How to set and meet targets: A business briefing for lawyers

Welcome to the April edition of Back to Basics — a Business Briefing for Lawyers. This month the focus is on setting and meeting targets

If you can’t see it, you’ll never hit is—unless it’s a complete fluke! A target is something that you need to focus on and aim for and have in front of you every day.

You can set targets in many areas of your business. Some might be (arguably, must be) financial targets, some may be targets associated with the types of work you do, some might be set to govern the amount of time you spend on doing certain things—and others may be to cease doing certain things. There are many targets you can set and it’s good to set them, providing they do fit in with your overall objectives.

If you need any help in this area, please get in touch with me—I’d be delighted to help.

Brian O’Neill LL.B MBA
Business Consultant
40c Drakemyre
Dalry
North Ayrshire
KA24 5JE
t. 07855 838395

e.   brian@drakemyre.co.uk

Why bother to set targets?

If you can’t see it, you’ll never hit it. I mentioned this in the leader article and think it’s a phrase worth repeating. Isn’t it amazing how solicitors tend to look on sales as a “dirty” word when really what solicitors do every day is sell their personal services. Clients don’t pay you for the bits of paper you produce—they pay you for your skill in a certain area or field. So, every time you speak to a potential client for the first time, remember that what you’re doing is seeking to do business with them—you are selling yourself and your services.

So, I hear you say, what’s all this about targets. Simple really, do you have any? If you don’t, that suggests that you’re rudderless. Do you go to work every day in the hope that something will happen to keep you in business? Do you wait for the phone to ring and for someone to ask you to do something for them? Believe it or not, many solicitors, even in these austere times, do exactly that and still believe that business will simply turn up at their door without them having to do a thing to attract it. Believe me, these days are numbered and, with the advent of Alternative Business Structures, the non-lawyers who become involved in the provision of legal services will make sure that they get their sales messages across. Sales targets are common in the commercial world—there’s no reason they shouldn’t be employed in the legal profession.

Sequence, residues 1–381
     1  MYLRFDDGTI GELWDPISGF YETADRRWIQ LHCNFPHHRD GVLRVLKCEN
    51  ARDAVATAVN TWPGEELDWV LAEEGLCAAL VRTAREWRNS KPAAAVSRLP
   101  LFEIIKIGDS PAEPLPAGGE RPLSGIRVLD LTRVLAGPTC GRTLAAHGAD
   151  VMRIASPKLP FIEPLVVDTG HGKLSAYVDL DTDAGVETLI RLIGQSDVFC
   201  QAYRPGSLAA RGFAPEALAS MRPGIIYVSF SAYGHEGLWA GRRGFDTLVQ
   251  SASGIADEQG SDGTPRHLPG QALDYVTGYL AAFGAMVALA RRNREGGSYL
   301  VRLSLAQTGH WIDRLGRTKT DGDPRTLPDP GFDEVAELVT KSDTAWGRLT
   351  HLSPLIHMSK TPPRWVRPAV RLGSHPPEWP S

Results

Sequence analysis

Targets are things that keep you focused on your objectives. Every business needs a set of Objectives to strive for. The targets are the steps along the way that help you achieve them. They help you break down the overall Objectives into smaller steps or parts. They help you monitor your progress and to work out whether you’re moving towards or away from your Objectives.

Targets will help you when you set your priorities and work with your daily task lists. If you have targets to work to then it’s more likely that you’ll do something every day that will help you to achieve them.

So, there you have it. Setting targets helps you to focus on your objectives, determine your daily priories, gives you direction, measure your performance and generally avoid wasting endless hours going round and round in circles.

Any target, properly set, will help you to improve your business performance and increase your financial welfare.

Please don’t forget the targets you can set NOT to do something. Do you have a tendency to take on non-profitable work or work with which you are not familiar and which takes you a long time to complete—and with very little return? You might just want to have a target to stop doing this kind of work—and then you can focus on your positive targets and give yourself a better chance of hitting them.

Simon says…..